Have you ever had one of those days where you spend a good 12 hours working with no breaks whatsoever yet you feel as unaccomplished as you were when the day started? The frustrating thing about being busy is it doesn’t always equate to being productive. When we try to do everything at once we don’t only risk being unproductive, but we also could easily feel burned out. Enter the Eisenhower Matrix, a tool that lets us distinguish between tasks that are important, not important, urgent, and not urgent.
“I have two kinds of problems: the urgent and the important. The urgent are not important, and the important are never urgent.” — Dwight D. Eisenhower
Inspired by its namesake, the 34th President of the United States who’s known for his high output and organization, the Eisenhower Matrix splits categories of tasks into quadrants to help us prioritize in terms of urgency and importance. If you struggle with any of the following, then the matrix could be very useful to you:
- putting out fires the whole day instead of crossing things off your to-do list
- being constantly busy yet feeling as if you aren’t bringing in any significant, positive impact to the team
- getting closer to your long-term goals
- delegating tasks
- saying no
The Categories of the Eisenhower Matrix
Do: important and urgent
While a task can be one of or both, it’s essential to differentiate between ‘important’ and ‘urgent’. When time and attention are of the essence, then a task is considered urgent. On the other hand, a task is important when it’s detrimental to the achievement of your vision and long-term goals. Therefore, if a task has both qualities, it should be at the top of your to-do list.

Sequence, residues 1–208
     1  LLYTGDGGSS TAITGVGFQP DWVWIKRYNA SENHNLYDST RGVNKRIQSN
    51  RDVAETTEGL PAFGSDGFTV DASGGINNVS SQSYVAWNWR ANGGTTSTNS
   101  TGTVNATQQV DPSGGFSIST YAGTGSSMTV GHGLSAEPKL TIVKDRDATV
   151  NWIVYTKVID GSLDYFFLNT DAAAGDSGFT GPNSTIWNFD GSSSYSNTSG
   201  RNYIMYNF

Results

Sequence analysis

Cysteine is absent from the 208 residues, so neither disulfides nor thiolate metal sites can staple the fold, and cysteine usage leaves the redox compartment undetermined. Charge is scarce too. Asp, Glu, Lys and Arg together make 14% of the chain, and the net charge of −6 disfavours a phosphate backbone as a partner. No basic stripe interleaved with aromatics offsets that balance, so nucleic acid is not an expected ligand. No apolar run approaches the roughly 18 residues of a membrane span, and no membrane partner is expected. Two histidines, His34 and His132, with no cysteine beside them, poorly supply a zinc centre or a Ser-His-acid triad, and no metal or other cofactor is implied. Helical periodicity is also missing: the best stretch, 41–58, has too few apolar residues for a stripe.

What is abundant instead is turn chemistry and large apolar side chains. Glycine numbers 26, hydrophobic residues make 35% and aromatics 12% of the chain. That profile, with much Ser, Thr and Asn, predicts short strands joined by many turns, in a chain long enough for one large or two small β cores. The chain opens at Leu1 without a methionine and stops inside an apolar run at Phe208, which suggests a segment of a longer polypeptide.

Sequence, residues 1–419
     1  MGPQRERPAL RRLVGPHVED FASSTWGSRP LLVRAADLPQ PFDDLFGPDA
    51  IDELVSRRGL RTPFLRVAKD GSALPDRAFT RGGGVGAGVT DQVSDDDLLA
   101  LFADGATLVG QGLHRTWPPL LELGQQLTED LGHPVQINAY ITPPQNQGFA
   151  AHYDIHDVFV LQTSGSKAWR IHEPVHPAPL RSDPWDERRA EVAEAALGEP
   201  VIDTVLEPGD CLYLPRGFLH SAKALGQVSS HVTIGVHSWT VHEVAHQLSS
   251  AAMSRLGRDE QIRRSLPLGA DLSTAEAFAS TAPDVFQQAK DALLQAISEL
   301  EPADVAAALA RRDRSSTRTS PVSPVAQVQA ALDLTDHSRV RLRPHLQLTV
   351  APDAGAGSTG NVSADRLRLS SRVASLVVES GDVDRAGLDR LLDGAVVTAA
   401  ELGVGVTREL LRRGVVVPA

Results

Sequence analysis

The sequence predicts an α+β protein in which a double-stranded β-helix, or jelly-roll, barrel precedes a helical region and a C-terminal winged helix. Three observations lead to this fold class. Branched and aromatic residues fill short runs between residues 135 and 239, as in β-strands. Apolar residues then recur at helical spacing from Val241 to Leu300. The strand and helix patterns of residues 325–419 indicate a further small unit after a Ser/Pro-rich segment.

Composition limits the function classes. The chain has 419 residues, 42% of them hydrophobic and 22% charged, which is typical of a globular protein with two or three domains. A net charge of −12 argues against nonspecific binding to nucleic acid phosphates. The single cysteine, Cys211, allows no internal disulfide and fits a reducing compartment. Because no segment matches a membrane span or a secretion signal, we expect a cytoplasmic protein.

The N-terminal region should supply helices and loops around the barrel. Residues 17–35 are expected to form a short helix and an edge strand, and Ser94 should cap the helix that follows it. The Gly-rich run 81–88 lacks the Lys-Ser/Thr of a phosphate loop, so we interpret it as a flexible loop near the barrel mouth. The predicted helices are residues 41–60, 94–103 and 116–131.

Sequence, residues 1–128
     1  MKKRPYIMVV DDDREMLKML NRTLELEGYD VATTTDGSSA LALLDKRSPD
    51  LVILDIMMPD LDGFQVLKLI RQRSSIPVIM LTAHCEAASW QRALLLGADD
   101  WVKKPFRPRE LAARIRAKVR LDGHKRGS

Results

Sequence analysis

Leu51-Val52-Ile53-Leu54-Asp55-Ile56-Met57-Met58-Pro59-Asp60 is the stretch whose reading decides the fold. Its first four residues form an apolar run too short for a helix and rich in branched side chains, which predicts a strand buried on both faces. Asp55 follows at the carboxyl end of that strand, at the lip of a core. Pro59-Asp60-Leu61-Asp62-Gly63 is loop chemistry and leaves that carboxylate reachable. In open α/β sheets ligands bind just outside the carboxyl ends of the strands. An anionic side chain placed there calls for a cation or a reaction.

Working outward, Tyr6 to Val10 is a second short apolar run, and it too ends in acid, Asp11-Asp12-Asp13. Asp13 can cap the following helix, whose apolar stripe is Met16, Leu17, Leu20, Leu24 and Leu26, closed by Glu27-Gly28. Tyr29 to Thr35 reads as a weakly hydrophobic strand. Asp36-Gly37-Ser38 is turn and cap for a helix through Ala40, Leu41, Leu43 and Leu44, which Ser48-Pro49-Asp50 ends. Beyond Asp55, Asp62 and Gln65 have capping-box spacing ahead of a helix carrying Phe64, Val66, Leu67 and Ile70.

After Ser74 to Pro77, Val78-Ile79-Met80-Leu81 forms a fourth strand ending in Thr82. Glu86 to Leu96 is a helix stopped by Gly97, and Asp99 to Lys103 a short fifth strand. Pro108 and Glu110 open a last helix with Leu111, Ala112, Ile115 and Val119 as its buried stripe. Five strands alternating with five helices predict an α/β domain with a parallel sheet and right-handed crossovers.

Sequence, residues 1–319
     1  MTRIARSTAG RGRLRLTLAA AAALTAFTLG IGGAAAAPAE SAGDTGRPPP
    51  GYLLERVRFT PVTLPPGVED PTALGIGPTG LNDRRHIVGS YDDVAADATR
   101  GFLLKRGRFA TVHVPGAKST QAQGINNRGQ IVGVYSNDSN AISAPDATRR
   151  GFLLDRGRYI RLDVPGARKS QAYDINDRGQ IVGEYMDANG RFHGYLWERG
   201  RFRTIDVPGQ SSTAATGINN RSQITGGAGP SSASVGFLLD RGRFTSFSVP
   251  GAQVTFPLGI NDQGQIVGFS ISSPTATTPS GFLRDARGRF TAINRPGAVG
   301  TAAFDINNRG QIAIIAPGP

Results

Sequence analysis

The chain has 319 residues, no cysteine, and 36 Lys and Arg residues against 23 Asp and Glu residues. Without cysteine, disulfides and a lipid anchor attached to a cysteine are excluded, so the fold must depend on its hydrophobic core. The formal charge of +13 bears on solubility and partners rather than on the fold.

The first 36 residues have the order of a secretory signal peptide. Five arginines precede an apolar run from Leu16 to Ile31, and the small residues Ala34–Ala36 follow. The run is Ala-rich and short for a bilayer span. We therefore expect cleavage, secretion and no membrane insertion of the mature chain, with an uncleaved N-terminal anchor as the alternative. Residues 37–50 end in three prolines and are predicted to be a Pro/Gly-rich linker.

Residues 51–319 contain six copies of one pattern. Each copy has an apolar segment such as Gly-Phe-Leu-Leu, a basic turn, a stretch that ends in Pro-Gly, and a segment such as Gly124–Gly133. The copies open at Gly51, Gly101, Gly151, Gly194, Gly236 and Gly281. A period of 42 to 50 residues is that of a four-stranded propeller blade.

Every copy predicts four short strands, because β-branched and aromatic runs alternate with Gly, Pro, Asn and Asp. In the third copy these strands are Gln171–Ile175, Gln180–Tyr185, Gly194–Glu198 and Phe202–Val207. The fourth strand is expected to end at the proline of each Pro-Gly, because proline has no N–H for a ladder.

Decide: important but not urgent
If a task is important but isn’t really time-sensitive, you should schedule it. A common mistake people make is they don’t devote enough time to this type of task, focusing instead on tasks that are more urgent. If you know for a fact a task falls under this quadrant, you absolutely should spend quality time on it!
Delegate: urgent but not important
It’s these tasks that can take up a lot of your time but not really enhance your productivity levels. In cases like so, it’s best to assign it to someone whose long-term goals are aligned!
Delete: not important and not urgent
Finally, if a task is neither important nor urgent, take it off your list! After all, these aren’t pressing, nor do they contribute to your long-term goals.
How do you reduce tasks from quadrants 1, 3, and 4?
If the majority of your tasks are in quadrant 2, hats off to you! That only means you’ve properly anticipated crises and are well on your way to coming up with great output that can further your growth and bring you so much closer to your goals.
Quadrant 1: important and urgent tasks
The element of time sensitivity could hamper the quality of your output. So in order to reduce tasks that are both urgent and important, put in the time to anticipate fires. Always take a look at past events and evaluate ways in which problems could be avoided in the future.
Quadrant 3: urgent but not important
If you’re swamped with urgent yet unimportant tasks, strategize on how to best delegate or limit the amount of time spent on them. One of your options is to do them all in one sitting as quickly as possible!
Quadrant 4: not urgent, not important
Take the time to evaluate whether a set of tasks that’s causing you to put in hours on end is helpful to your growth or not. If you’re absolutely sure that a task is only causing stress and is actually pulling you away from achieving your goals, it’s time to eliminate it.
In order to fully maximize the Eisenhower Matrix, it’s best to do a regular evaluation of your categorization. Know that central to the matrix are your long-term goals, values, and happiness; so making that distinction is definitely one of the keys to your success!